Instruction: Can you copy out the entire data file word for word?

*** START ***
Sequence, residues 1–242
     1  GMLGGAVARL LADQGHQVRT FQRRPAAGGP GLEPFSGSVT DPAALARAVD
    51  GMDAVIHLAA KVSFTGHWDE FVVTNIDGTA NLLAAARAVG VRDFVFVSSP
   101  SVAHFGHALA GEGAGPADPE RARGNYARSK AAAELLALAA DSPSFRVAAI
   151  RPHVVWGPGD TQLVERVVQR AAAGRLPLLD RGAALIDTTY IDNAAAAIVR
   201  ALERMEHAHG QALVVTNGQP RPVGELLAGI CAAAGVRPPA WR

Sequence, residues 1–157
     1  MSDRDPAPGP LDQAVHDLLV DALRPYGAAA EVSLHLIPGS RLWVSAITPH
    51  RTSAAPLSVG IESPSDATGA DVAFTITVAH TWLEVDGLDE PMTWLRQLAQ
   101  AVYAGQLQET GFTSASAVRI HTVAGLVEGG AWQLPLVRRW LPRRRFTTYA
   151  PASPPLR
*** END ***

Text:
Sequence, residues 1–242
     1  GMLGGAVARL LADQGHQVRT FQRRPAAGGP GLEPFSGSVT DPAALARAVD
    51  GMDAVIHLAA KVSFTGHWDE FVVTNIDGTA NLLAAARAVG VRDFVFVSSP
   101  SVAHFGHALA GEGAGPADPE RARGNYARSK AAAELLALAA DSPSFRVAAI
   151  RPHVVWGPGD TQLVERVVQR AAAGRLPLLD RGAALIDTTY IDNAAAAIVR
   201  ALERMEHAHG QALVVTNGQP RPVGELLAGI CAAAGVRPPA WR

Sequence, residues 1–157
     1  MSDRDPAPGP LDQAVHDLLV DALRPYGAAA EVSLHLIPGS RLWVSAITPH
    51  RTSAAPLSVG IESPSDATGA DVAFTITVAH TWLEVDGLDE PMTWLRQLAQ
   101  AVYAGQLQET GFTSASAVRI HTVAGLVEGG AWQLPLVRRW LPRRRFTTYA
   151  PASPPLR